The fundamental tensions which companies must manage well was the primary topic of a panel I spoke on last week. We discussed H2OAudio, a company which makes waterproof cases, waterproof headphones/headsets, and waterproof armbands for iPods and MP3 players.
The panel was part of the MIT Enterprise Forum, a regular gathering of business leaders in which a case study method is used to uncover valuable business insights. Each month a presentation is made by a CEO of an innovative technology company and then panelists discuss the key challenges the company is facing. An audience of nearly 250+ people attended this month’s forum which focused on “re-starting the start-up” H2OAudio.
The discussion ended up focusing a lot on the tensions which most growth companies have to figure out how to manage well. Tensions like:
- core customers vs. new markets – H2OAudio’s CEO, Tom Kampfer, gave an overview of the company’s current customers and his vision of its future customer base. While it currently targets the “niche” swimming market, he wants to appeal to the much larger fitness and active lifestyle market.
On the one hand, it makes sense – according to the SGMA, there are only 7.3MM active swimmers while there are over 220MM fitness/gym/running/cycling participants. So the larger market offers more growth potential.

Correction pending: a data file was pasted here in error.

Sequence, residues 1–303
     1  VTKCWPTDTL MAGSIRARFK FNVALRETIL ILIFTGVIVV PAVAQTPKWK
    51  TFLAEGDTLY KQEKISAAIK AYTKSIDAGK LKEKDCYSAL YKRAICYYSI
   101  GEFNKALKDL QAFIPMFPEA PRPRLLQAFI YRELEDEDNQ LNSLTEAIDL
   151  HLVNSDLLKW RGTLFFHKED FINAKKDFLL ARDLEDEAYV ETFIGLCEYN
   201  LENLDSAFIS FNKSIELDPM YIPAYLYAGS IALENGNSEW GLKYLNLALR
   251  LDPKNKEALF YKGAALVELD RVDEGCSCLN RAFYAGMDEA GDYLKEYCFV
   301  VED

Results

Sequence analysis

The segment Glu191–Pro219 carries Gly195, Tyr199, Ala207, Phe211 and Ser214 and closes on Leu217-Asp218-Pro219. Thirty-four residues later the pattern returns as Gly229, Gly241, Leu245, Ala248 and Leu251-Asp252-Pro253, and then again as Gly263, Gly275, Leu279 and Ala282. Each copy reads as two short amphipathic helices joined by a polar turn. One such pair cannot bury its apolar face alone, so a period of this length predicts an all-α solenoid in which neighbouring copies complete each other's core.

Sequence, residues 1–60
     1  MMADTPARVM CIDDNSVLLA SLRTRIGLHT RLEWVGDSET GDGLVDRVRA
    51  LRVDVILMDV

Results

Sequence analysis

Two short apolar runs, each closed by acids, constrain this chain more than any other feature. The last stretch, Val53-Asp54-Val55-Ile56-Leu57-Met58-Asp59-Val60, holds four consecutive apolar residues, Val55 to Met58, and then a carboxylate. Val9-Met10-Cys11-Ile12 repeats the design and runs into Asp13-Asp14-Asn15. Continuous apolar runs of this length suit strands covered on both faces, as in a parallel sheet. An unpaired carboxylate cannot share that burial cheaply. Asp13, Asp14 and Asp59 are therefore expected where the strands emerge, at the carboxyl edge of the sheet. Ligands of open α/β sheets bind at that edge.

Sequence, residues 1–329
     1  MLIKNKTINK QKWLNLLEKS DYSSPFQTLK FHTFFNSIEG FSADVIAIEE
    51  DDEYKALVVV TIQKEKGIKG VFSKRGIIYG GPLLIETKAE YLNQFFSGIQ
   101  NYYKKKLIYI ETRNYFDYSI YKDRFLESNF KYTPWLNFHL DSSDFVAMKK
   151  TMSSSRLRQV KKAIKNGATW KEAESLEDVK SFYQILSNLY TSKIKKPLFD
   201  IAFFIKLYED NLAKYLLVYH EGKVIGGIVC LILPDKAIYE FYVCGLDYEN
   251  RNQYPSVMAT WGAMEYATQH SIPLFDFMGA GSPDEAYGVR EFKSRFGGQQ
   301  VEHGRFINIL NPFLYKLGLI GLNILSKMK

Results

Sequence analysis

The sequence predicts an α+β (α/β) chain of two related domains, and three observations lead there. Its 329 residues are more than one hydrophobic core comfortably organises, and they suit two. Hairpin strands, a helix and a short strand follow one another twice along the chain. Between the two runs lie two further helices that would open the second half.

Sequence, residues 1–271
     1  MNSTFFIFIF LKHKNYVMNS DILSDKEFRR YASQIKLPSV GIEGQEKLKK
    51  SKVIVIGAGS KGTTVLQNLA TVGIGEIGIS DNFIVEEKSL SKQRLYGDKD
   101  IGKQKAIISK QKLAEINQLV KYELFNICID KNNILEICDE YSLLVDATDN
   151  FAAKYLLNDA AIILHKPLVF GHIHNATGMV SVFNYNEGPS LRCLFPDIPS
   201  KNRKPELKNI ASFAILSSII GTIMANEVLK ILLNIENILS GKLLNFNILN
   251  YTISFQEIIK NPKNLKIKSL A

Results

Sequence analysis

But targeting the larger market isn’t a slam dunk:
- There are a lot more players competing for that market’s business
- H2OAudio’s sales force, distribution, and marketing budget are all fractions of those competitors’ so it will be difficult to breakthrough in the broader market
- Those consumers probably place less value on H2OAudio’s advanced performance and are more price-sensitive
Plus, going after the larger, less hard core market is probably not going to be well-received by the company’s current customers. Like many growth-minded sporting goods companies before it, H2OAudio may be charged with “selling out” and watering down their products. A start-up can’t afford to alienate its current customers – it needs every sale it gets.
So H2OAudio may need to manage this tension between securing core customers and expanding into new markets by adjusting its target strategy and pursuing only adjacent markets which are closer to its core, like amateur competitors and serious fitness enthusiasts.
- distribution vs. marketing – Companies trying to grow small market shares tend to struggle with expanding distribution vs. advertising and PR.
They have a limited amount of working capital and so they can channel it EITHER toward growing the sales force, pursuing new distribution, and paying steep slotting fees, OR it can be used to fund advertising and PR to generate broader awareness and stronger preference among consumers – but not both, or rather, not both very well.
It’s the classic conundrum – you need to make sure people want to buy your product but you also need to ensure your product is readily available in channel so that people who want to buy it can. Also retailers are more likely to pick up your product if you are giving it strong promotional support.